• * Avoid processed foods and all foods that are stressful for the body, such as artificial sweeteners, carbonated soft drinks, chocolate, eggs, fried foods, junk foods, pork, red meat, sugar, white flour products, foods containing preservatives or heavy spices, and chips and similar snack foods.
    • * Try getting rid of dairy products from your diet for 3 weeks. Then, slowly add them back into your diet and see if stress responses coincide with them.
    • * Avoid caffeine.
    • * Avoid alcohol, nicotine, and mood-altering drugs.
    • * Follow a monthly fasting program, but make sure you know what you are doing!
    • One of the best ways to help with stress is to change your physical state. Do the following in the morning :
    • Throw your shoulders back.
    • Hold your head up high and look up with your eyes.
    • Put a big smile on your face and breath deeply.
    • Think about something good in your life, if you can't think of something good than think about what could be good.
    • Change your Pattern! - If you notice that you have a pattern of certain things which put you in a depressed state than you can change
  • STRATEGIES FOR STRESS MANAGEMENT
    • Avoid the use of sleeping pills, tranquilizers, and other drugs to control stress.
    • Protect your personal freedoms and space. Do what you want and feel, but respect the rights of others. Don't tell others what to do, but if they intrude, let them know.
    • Find a time and place each day where you can have complete privacy. Take time off from others and pressures. Short time-outs during the day can help improve efficient functioning the rest of the day.
    • Don't drift along in troublesome and stressful situations or relationships. Take action to change rather than trying to avoid the problem. Taking chances is the key to emotional well-being.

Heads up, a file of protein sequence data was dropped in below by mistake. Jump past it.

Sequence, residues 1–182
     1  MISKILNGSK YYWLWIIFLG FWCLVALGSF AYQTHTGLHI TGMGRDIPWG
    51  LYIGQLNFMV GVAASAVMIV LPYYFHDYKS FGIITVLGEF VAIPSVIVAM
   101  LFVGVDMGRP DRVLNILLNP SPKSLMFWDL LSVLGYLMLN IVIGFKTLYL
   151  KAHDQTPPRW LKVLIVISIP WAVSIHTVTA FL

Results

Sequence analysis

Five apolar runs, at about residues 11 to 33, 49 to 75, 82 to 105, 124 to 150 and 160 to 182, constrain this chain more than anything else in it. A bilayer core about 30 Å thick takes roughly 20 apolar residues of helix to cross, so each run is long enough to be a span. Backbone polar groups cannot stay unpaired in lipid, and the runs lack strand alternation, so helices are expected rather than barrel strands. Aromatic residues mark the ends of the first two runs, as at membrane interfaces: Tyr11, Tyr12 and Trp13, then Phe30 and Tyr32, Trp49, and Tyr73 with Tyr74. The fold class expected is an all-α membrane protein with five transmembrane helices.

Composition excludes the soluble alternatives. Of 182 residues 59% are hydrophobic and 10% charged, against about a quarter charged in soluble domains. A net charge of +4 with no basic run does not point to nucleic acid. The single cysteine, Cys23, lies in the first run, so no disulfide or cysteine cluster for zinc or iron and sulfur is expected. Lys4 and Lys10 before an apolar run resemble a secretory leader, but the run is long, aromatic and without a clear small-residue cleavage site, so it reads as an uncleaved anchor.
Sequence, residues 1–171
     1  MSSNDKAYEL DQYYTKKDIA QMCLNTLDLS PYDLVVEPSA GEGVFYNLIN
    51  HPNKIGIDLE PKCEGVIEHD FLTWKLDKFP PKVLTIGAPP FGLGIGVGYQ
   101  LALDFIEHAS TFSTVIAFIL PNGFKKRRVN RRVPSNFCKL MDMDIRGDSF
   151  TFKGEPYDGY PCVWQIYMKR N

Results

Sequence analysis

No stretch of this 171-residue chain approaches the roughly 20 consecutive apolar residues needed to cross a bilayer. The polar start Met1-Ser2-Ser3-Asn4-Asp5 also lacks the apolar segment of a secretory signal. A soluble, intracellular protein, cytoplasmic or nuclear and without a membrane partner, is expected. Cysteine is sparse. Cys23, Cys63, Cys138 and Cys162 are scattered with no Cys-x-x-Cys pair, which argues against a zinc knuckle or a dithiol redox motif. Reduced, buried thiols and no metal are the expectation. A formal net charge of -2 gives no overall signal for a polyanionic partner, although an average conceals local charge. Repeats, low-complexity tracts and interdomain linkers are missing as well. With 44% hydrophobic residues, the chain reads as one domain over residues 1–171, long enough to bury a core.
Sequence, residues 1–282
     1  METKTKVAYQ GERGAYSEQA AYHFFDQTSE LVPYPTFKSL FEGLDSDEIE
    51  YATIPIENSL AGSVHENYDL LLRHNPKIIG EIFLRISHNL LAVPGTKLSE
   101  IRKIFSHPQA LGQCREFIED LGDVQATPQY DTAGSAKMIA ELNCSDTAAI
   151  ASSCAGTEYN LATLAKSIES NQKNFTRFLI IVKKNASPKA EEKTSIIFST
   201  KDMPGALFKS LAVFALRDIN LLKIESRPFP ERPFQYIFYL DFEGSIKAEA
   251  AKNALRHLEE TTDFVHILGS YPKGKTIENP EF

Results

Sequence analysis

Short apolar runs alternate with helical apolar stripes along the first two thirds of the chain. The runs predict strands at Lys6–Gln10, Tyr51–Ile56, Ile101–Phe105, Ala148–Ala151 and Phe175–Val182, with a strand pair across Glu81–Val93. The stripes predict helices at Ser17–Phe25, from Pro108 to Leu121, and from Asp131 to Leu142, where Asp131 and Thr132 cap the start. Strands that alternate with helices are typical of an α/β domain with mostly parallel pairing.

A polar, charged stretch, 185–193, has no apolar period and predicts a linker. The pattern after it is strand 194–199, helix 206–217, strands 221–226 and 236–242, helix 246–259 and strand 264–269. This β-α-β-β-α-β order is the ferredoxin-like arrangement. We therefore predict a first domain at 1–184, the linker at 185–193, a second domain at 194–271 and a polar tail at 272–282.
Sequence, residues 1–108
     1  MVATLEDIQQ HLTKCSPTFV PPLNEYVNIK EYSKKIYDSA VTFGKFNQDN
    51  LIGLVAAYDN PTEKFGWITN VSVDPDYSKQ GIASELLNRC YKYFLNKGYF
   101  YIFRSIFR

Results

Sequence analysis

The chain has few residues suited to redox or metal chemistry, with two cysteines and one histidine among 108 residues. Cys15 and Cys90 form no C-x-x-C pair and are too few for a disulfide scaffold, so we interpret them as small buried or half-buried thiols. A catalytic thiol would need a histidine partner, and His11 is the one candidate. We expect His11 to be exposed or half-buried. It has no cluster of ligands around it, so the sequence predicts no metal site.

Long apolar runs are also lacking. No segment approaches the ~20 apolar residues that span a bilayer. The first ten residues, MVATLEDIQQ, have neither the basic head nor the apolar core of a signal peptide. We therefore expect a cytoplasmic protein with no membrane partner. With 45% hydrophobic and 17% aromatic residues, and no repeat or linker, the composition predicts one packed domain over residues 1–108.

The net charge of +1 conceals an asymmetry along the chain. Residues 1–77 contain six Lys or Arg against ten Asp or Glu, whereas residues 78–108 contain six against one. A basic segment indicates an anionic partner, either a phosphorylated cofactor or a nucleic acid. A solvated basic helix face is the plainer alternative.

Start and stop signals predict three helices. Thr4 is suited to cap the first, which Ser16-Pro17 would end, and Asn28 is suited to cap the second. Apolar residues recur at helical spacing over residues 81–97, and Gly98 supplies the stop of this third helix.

• Surround yourself with cues from positive thoughts and relaxation.
    • Review your obligations from time to time and make sure they are still good for you. If they're not, let them go.
    • Open yourself to new experiences. Try new things, new foods, new places.
    • When worries start to build up, talk to someone
  • STRATEGIES FOR STRESS MANAGEMENT
    • Associate with people whom you enjoy and who support you.
    • Learn and practice relaxation or meditation skills.
    • Engage in a vigorous physical exercise that is convenient and pleasurable. Sometimes it helps to get a friend to exercise with you.
    • Don't let one thing dominate you, such as school work, relationships, jobs, sports, etc.
    • View life as challenges to seek, not obstacles to avoid.
    • Take responsibility for your life and your feelings, but never blame yourself.
    • Maintain a reasonable diet and sane sleep habits.
    • Use alcohol and other drugs wisely, be in control of it, not vice verse.
  • There is no pre-packaged stress formula that works for everyone. However, ……. A FINAL WORD TO COPE WITH STRESS
      • Acknowledge there is no perfection.
      • Try not to control everything and everyone.
      • Focus on the positive and the good.
      • Don’t procrastinate!
      • Enjoy simplicity.
      • Hope for the best, yet prepare for the worst.
      • Be flexible.
      • Adopt the belief that you are in control of your destiny.
      • Have a sense of spiritual optimism.
      • Choose your struggles carefully.
      • Stop blaming yourself.